The challenge is reverse-engineering of our quality of life by restoring the TND. We walked or rode horses before bikes. We rode trains, trolleys and bicycles before the horseless carriage. We rode bikes before we owned automobiles. Our current love for the automobile is reflected in subdivisions of garage groves where the prominent front entrance is garage doors. Homes build in the early 1900s had the horseless carriage in the back yard where it belonged.
Depicted graphically in the diagram is the triple bottom line (P3), people, planet and profitability a measure of sustainability. Young people need to learn sustainability from seniors. Community gardens are meaningful projects for bonding youthful energy and elderly wisdom. After hours community meetings bring all age groups together to move forward on sustainable living standards. Simple sustainable solutions involve restoring the Transportation Oriented Development (TOD) community structure and density of previously thriving cities.
Our planet provides limited fossil resources, daily solar power, inconsistent wind power and limited water resources. Extraction of fossil fuels seems to be a feast or famine situation and therefore unsustainable. Wind power has been used for centuries for pumping water into cisterns and is therefore sustainable but needs to be harnessed efficiently. Unfortunately, modern wind mills dont pump water like the Amish windmill below (Incidentally, you can still purchase these windmills).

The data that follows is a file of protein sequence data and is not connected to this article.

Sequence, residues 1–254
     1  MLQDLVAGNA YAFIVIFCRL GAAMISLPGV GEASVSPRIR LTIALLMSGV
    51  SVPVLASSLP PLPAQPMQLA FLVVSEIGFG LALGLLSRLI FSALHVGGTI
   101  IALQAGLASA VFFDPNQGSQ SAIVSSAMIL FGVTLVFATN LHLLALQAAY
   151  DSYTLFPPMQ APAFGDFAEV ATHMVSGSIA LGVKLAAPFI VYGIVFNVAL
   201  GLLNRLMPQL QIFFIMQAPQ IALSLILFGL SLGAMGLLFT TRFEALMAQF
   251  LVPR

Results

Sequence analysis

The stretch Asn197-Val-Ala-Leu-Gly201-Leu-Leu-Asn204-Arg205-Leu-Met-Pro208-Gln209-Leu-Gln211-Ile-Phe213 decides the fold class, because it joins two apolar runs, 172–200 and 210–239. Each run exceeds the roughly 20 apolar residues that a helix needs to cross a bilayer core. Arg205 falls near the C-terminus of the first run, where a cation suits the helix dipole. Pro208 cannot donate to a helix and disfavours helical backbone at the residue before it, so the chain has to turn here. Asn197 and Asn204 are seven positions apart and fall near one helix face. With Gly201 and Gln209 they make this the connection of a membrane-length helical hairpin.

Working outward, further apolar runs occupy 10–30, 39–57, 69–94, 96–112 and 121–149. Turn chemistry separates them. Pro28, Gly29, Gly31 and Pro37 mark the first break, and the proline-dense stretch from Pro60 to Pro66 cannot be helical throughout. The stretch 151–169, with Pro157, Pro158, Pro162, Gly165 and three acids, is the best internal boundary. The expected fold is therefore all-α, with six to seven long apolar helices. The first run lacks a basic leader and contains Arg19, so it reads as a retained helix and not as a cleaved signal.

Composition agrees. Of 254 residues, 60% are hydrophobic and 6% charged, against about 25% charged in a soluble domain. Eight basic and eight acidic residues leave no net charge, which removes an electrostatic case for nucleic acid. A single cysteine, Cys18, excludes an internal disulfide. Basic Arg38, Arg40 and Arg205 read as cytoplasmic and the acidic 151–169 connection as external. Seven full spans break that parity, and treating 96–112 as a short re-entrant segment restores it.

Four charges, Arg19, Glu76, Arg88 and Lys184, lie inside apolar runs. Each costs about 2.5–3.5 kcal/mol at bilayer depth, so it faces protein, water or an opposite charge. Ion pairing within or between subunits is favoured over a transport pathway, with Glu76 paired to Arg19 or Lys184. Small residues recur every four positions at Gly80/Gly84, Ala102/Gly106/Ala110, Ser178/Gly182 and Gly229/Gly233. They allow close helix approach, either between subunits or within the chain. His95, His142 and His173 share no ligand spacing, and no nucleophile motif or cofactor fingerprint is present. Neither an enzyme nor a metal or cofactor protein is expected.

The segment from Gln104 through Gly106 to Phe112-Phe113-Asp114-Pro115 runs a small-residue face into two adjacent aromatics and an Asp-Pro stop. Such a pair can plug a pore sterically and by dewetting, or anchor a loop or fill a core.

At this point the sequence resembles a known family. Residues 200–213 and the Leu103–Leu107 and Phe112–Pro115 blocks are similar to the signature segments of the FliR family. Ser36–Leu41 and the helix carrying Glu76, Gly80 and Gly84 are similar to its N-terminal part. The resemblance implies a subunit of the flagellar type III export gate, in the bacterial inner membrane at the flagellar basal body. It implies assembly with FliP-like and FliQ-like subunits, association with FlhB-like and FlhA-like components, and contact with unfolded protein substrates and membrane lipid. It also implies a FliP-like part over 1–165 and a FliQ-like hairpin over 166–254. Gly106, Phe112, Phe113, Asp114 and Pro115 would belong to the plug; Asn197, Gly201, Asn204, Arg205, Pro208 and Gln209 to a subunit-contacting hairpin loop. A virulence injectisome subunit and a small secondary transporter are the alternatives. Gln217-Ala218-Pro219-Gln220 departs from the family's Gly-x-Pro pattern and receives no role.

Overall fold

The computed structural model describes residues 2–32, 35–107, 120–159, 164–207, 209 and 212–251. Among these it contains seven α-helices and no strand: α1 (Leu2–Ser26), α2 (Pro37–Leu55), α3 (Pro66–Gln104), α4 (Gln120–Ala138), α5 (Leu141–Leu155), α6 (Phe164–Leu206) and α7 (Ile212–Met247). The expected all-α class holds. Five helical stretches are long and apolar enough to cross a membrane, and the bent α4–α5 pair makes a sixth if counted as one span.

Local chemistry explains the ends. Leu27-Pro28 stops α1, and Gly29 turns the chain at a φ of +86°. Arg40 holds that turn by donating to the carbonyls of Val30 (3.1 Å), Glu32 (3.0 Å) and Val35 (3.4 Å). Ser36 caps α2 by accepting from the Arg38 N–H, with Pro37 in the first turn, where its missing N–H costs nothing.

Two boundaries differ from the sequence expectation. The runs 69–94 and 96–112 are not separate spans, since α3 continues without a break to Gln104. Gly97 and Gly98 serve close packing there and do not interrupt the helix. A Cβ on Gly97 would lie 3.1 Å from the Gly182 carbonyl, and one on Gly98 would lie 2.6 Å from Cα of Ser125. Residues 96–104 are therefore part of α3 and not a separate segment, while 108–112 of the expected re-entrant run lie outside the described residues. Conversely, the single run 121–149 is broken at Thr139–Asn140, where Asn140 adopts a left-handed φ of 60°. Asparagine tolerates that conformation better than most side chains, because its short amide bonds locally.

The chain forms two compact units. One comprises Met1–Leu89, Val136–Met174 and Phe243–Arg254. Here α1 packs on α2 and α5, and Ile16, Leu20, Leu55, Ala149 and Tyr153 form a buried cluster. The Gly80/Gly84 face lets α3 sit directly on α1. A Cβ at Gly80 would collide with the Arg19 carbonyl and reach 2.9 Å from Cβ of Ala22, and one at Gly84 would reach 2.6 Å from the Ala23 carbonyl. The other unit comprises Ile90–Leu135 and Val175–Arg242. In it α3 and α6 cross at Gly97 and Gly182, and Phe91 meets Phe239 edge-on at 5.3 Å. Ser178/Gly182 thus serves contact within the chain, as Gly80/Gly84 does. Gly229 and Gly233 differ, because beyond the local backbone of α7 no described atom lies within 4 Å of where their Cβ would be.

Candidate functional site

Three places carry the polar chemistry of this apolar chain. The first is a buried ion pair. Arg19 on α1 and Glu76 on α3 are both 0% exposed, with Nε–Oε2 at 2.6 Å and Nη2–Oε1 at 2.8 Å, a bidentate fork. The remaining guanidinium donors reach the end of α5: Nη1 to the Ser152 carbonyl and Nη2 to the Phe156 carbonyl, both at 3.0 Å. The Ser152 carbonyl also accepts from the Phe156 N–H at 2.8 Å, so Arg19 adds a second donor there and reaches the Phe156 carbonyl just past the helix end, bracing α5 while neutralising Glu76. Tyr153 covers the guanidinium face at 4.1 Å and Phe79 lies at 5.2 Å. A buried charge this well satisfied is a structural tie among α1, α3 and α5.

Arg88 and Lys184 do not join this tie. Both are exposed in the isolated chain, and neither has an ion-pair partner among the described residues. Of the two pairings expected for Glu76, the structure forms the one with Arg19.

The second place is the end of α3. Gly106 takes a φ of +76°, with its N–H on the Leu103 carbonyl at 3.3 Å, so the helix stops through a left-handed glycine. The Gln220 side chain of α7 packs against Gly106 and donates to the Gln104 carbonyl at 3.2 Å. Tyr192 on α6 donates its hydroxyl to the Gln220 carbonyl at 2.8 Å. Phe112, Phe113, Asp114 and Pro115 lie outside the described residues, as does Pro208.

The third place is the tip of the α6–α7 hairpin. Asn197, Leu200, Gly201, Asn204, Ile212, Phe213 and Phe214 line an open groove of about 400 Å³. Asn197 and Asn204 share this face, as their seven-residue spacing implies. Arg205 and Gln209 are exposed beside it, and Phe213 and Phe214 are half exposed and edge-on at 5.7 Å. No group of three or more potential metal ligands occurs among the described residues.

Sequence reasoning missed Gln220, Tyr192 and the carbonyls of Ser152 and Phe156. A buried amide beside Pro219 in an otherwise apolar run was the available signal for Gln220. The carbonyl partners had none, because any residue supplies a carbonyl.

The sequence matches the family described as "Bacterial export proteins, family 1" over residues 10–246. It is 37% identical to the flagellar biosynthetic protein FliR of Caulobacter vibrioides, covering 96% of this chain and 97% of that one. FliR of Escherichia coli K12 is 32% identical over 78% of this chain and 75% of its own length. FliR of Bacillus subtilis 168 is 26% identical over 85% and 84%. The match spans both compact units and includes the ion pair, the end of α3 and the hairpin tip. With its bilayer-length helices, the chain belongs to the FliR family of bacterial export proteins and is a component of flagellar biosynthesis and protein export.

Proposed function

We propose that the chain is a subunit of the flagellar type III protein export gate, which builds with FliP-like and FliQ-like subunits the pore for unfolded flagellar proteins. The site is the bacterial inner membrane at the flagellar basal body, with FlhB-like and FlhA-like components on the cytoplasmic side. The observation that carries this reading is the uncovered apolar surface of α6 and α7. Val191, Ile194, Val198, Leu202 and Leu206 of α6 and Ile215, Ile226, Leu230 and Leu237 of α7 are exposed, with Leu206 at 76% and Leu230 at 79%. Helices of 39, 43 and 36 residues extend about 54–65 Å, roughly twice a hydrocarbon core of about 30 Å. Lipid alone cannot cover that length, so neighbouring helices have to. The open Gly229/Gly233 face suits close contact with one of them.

The modern wind farms generate a small fraction of the electricity we need for sustainability.
Solar power is sustainable, but unreliable intensity and duration limits dependence to charging storage batteries for electrical power. Edison correctly identified storage battery technology as the limiting factor in the successful dependence on an electrical car.
Profitability is the primary objective of the consultants and contractors who design and build infrastructure. Conventional Suburban Development practices are not sustainable solutions. The following example illustrates non-sustainable practices.
Storm water drains from the parking area to a drainage structure in the center of the parking lot. The combination of pre-cast concrete parking wheel stoppers and curb and gutter is redundant. Landscaping is dependent on sprinklers for water.
A simple sustainable solution would eliminate the curb and gutter, lower and convert the gravel area into a rain garden. Finally, reverse the slope of the parking space to drain the runoff into the rain garden, flowing between the pre-cast concrete parking wheel stoppers. Eliminating the curb and gutter eliminates the laborious forming, pouring and curing of curbs. Diverting runoff into the lower elevation rain gardens reduces the storm water entering the drainage system. Consultants and contractors may view simple sustainable solutions having a negative impact on their profit opportunity.
Simple sustainable solutions encourage civil engineers to think outside the box within the rules. S3 questions can be sent to Randy Tardy, firstname.lastname@example.org or 256-616-2496.